America’s most noted euthanasia advocate was denied his full day in court. The Financial Times reported that Jack Kevorkian, acting as his own defence, was forced to move prematurely into his closing arguments. The retired pathologist’s provocative videotape of himself assisting in the death of the terminally ill Thomas Youk, was meant to ignite a debate on euthanasia. But the judge refused to hear testimony from the deceased’s relatives. Further, the prosecution’s repeated legal objections prevented Kevorkian from dispelling the idea that the lethal drug injection was a cold, premeditated act. Kevorkian was, therefore, unable to develop his argument that homicide is not necessarily murder and that “medical service is exempt from certain laws”. The case remained on legal ground and a philosophic debate on the definition of murder, that might have challenged the existing laws, was thwarted. Outside the courtroom, international media coverage insured that the material for debate was widely and readily available.


The Cambridge philosopher, John Renford Bambrough died on January 17, aged 72. A fellow of St. John’s College for almost 50 years, he was dean from 1964-1979, president from 1979-1983 and editor of Philosophy from 1973 to 1994. The Times claims that by the time his first major essay ‘Plato’s Political Analogies’ was reprinted in Plato, Popper and Politics (1967) he had come to believe that Wittgenstein’s work provided support for the idea that philosophical knowledge was indeed capable of reaching truth through reason and with justification. Labelled an inspirational rationalist, he held that there existed objectivity in most branches of philosophy, just as in mathematics and science.

Providence, R.I. (AP) Roderick M. Chisholm died in hospital at the age of 82. He was a major figure in epistemology. A realist, he held that the senses could be trusted to give reliable knowledge of the outside world and thus opposed the rival philosophical camp of phenomenalism. A graduate of Brown University in 1938, he received his doctorate from Harvard University in 1942 and then taught at Brown from 1947 to 1987. In 1991, Chisholm was the subject of a volume in the Library of Living Philosophers.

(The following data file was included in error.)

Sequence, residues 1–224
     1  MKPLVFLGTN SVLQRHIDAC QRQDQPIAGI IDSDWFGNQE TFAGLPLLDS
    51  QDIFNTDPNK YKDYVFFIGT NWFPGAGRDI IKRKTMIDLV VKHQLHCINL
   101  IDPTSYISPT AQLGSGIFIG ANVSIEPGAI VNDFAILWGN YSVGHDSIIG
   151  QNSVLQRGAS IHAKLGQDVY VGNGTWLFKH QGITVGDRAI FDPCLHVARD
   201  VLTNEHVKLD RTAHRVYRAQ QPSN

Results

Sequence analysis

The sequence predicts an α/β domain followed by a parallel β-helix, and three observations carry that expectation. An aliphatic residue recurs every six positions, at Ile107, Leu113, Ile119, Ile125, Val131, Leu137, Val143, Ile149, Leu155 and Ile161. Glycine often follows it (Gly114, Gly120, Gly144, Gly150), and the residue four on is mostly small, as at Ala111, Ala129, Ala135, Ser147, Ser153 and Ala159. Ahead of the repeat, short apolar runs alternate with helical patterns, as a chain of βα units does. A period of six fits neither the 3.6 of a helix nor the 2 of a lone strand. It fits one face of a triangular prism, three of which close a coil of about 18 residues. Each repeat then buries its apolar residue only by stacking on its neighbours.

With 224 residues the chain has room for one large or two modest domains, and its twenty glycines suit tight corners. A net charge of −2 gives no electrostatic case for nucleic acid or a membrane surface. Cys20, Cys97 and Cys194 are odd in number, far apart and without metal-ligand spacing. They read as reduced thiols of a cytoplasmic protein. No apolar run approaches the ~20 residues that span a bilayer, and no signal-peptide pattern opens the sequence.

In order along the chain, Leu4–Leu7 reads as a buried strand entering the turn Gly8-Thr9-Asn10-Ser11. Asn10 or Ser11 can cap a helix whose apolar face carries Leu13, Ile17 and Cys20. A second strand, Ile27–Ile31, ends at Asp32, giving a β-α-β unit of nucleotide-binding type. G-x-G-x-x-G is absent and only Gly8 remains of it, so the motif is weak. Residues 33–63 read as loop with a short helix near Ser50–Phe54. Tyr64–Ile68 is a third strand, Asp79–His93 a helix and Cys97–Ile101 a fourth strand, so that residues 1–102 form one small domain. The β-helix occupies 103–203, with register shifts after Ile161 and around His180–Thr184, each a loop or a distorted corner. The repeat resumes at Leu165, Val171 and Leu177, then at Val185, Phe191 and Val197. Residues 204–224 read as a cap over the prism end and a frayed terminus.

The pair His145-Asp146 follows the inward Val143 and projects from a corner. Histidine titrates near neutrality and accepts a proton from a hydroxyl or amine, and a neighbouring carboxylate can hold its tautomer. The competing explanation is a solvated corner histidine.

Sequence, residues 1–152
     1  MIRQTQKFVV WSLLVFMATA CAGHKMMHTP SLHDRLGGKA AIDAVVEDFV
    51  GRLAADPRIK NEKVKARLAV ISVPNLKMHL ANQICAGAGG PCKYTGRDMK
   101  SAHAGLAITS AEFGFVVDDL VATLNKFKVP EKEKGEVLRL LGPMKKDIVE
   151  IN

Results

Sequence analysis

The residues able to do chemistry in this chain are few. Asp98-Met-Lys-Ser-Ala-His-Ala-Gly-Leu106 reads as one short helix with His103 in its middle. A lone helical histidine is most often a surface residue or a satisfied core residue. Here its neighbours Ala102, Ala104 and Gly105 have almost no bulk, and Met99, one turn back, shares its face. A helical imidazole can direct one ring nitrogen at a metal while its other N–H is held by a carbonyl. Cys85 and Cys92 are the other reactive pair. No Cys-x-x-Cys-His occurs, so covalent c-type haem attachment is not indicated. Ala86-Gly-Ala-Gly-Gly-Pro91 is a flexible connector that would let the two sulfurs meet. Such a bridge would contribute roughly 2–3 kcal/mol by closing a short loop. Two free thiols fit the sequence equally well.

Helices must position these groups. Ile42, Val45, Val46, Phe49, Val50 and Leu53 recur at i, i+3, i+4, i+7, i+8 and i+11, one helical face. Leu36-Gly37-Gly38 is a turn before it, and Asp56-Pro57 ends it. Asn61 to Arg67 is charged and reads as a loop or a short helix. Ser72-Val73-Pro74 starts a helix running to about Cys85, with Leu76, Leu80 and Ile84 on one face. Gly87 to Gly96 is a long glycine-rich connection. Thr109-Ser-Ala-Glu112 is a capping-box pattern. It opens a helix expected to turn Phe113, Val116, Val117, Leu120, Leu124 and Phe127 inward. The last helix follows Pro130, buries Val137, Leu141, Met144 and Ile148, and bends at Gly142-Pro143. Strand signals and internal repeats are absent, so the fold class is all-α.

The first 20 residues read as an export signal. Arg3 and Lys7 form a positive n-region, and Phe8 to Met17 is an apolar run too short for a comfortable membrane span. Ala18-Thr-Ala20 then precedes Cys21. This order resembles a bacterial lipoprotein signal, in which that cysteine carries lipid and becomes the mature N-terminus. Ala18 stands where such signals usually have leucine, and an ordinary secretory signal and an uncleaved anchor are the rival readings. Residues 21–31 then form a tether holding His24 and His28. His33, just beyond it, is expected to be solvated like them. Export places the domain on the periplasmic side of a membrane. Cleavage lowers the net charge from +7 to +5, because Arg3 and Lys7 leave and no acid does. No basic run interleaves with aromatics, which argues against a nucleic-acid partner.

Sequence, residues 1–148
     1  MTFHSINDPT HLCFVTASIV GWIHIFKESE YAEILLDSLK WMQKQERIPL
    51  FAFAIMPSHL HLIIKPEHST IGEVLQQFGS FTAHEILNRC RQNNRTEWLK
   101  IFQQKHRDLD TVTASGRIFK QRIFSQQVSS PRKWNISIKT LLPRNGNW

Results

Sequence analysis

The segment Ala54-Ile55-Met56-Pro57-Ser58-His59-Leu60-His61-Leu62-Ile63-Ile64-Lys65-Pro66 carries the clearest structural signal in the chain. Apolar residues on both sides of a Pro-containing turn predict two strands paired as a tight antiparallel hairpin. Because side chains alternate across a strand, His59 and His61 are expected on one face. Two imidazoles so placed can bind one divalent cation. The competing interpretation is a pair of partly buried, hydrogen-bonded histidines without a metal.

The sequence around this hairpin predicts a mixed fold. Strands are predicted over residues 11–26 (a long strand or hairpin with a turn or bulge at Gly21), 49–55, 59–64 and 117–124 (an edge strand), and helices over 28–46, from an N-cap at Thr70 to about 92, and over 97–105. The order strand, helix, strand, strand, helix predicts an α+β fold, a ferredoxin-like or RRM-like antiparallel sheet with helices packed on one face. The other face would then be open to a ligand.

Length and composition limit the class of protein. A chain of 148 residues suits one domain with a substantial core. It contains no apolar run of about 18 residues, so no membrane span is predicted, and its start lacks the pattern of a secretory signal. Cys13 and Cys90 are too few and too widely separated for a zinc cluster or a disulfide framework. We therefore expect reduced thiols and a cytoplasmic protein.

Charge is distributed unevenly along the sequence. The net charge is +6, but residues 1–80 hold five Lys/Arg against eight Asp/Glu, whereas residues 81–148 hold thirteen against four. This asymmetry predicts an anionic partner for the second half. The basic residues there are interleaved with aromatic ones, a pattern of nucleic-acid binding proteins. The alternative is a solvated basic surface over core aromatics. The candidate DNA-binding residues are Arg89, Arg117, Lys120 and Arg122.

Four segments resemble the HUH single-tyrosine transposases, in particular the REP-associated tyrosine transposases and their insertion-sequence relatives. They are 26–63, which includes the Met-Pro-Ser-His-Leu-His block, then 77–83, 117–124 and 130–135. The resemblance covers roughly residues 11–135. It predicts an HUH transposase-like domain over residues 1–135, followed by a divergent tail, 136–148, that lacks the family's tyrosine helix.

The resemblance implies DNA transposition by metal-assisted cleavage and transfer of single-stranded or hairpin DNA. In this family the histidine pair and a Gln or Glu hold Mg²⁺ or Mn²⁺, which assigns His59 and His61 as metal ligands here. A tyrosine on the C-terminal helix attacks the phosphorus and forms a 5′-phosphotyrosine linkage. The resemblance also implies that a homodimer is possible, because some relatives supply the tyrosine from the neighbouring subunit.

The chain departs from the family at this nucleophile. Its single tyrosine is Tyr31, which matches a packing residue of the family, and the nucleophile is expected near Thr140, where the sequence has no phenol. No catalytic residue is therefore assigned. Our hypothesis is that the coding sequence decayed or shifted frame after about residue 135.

The American philosopher, Nelson Goodman died this winter. He was born in 1906. A major influence on Quine and Kripke and teacher of Noam Chomsky, his works included The Structure of Appearance (1951); Fact, Fiction and Forecast (1954) and Languages of Art (1969). ‘Goodman’s paradox’ refers to a difficulty in the theory of confirmation. In order to show that our accidental linguistic history influences our thinking, Goodman introduced the predicate “grue” as an illustration. A ‘grue’ emerald is either a green one or a blue one depending on when it is observed. In later years Goodman characterised himself as a radical relativist. A bibliography is currently being developed on-line. (For information and suggestions contact srbayne@CHANNEL1.com).

Dame Iris Jean Murdoch passed away February 8th. She was born in Dublin in 1919 and educated at Oxford where she later lectured in philosophy. Her death was widely reported in the national news and many memorials were broadcast and published on her life and achievements, including a reading, by her husband, of his recollections of her last years. Her popularity was a result of the high quality of her novels, her first being Under the Net (1954). Her contribution to philosophy is of equal merit.


Analytic philosophy’s new self consciousness shows it to be displaying the classic signs of crisis. This is exemplified by its current interest in its origins and history and its concern for its nemesis, Continental philosophy. Examining the nature of the crisis promises to offer diagnoses for the present and forecasts for the future of philosophy. At least this is the assumption of the conference ‘The Crisis in Analytic Philosophy’. The crisis is the focal point for the Centre for Post-Analytic Philosophy’s conference on April 12-13th. Register for the conference by e-mail to

The first Australian Institute of Computer Ethics Conference will be held July 14-16 at the Swinburne University of Technology, Melbourne. The institute suggests that ethical issues associated with the development and application of information technology arise at the systems development level. With the flow-on effects of installed systems this offers revolutionary, complex and wide-ranging challenges. Loss of jobs, de-skilling, and employee monitoring and surveillance must be questioned as new computer systems are introduced into the workplace. The conference will examine, amongst other things, desirable and undesirable changes, how computers affect the environment, how educating to increase awareness of designers and stakeholders might be possible and what professional responsibilities are. Information on the conference is available at

The Faculty of Law, University of Sydney, will organise a conference on the Philosophical Foundations of Constitutional Reform in co-operation with the Australian Society of Legal Philosophy. The proposed focus will be the legal and political theory of republicanism as applied to various aspects of constitutional reform, including constitutional rights, separation of powers, the rule of law, and democracy, and also to diverse theoretical responses to the republican theory. The conference will be held August 13-14 in Sydney. Further information can be obtained from conference@law.usyd.edu.au.